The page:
First steps down the plank: new Australian copyright provisions successfully used to block pirate sites
On 15 December 2016, Foxtel and a number of movie studios secured the first site blocking orders in Australia. The orders of Nicholas J of the Federal Court require the major Australian ISPs to block access to a number of infamous sources of illegal content, namely, The Pirate Bay, TorrentHound, IsoHunt, Torrentz and SolarMovie (Pirate Sites).
In separate applications brought in February this year by Foxtel and various movie studios, the parties tested the new section 115A of the Copyright Act 1968 (Cth). Their success is an important step towards combatting online piracy. It also has the potential to better educate Internet users on the illegality of these sites and encourage them to access copyrighted content through legitimate means.
Below we consider some key aspects of the judgment.
What does section 115A provide?
Section 115A provides that where an overseas online location's 'primary purpose' is to infringe or facilitate the infringement of copyright, a rights holder can apply to the Federal Court to obtain an injunction requiring ISPs, on a no fault basis, to take reasonable steps to block access to that online location. The section was introduced by the Copyright Amendment (Online Infringement) Act 2015 (Cth) and commenced on 26 June 2015.
Importantly, Nicholas J observed that section 115A permits the grant of an injunction where it is impossible to identify who is responsible for operating the online location or determining its content.
What are some key findings?
The Judge found that:
- Foxtel established that The Pirate Bay, TorrentHound, IsoHunt and Torrentz infringed its copyright in its original productions of Wentworth (season 3), Open Slather, A Place to Call Home (season 3) and Real Housewives of Melbourne (season 4). The studios established infringement via SolarMovie of a number of feature films, including The Lego Movie and Spiderman and various television programs such as The Big Bang Theory;
- each of the applicants established that the Pirate Sites facilitated the infringement of copyright on a widespread scale, in flagrant disregard of the rights of copyright owners generally;
- the term 'facilitate' is construed broadly. Potentially, section 115A captures sites that make it easier or less difficult to infringe copyright eg by making it easier for users to ascertain the existence or whereabouts of other online locations that themselves infringe copyright;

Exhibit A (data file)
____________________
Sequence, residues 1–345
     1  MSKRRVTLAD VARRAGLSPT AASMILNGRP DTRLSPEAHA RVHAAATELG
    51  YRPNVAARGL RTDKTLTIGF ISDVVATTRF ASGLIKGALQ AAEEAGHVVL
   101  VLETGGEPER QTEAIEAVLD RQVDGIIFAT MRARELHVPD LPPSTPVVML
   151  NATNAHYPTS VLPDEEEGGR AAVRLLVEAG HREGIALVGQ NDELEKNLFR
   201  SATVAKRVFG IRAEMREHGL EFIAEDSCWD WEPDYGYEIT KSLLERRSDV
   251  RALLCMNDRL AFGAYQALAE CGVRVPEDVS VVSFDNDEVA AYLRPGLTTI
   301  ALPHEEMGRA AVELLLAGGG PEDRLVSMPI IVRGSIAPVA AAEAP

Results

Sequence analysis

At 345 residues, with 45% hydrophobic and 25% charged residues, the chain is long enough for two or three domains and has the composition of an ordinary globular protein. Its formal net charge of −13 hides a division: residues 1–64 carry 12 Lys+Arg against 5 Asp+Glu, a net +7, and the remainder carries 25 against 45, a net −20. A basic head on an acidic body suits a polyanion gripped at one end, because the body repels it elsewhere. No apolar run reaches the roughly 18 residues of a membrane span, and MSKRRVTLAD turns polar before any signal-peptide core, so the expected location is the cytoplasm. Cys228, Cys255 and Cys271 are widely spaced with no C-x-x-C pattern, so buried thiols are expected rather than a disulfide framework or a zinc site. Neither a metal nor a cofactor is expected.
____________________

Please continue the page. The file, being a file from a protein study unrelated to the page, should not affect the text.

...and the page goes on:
- the primary purpose of a site can be ascertained from its principal activity; and
- the fact that sites may be inactive for a period of time does not mean they cannot be blocked under section 115A.
What will happen when users attempt to access the Pirate Sites?
The ISPs are required to implement the block within 15 business days of the orders. After this time, if a user attempts to access the Pirate Sites they will be redirected to a webpage hosted by either (at the election of the ISP):
- the relevant applicant (Foxtel or Roadshow) or their nominee; or
- the ISP.
The webpages will inform the user that access to the website has been disabled because the Federal Court has determined that it infringes or facilitates infringement of copyright
The orders operate for a period of three yearsWhat happens if the Pirate Sites move to new locations?
Foxtel and the Studios were successful in obtaining an order that, if the Pirate Sites are provided from a different domain name, they can apply to the Court to vary the orders to include the different domain name. An affidavit is required in support of the order. Although the Court retains oversight over this process, Nicholas J's judgment states that in such situations the Court may be willing to act on very little in the way of further evidence. This will mean that applicants have a clear mechanism available to them when the operators of the Pirate Sites seek to offer their content via new domain names because the original ones have been blocked.
A third application under section 115A was heard before Burley J in October and was commenced by the music industry (seeking to block Kickass Torrents). Judgment in that case is pending.
It is expected that further site blocking applications will be made in Australia, as happened in the UK, and that Nicholas J's judgment will provide a framework for those applications.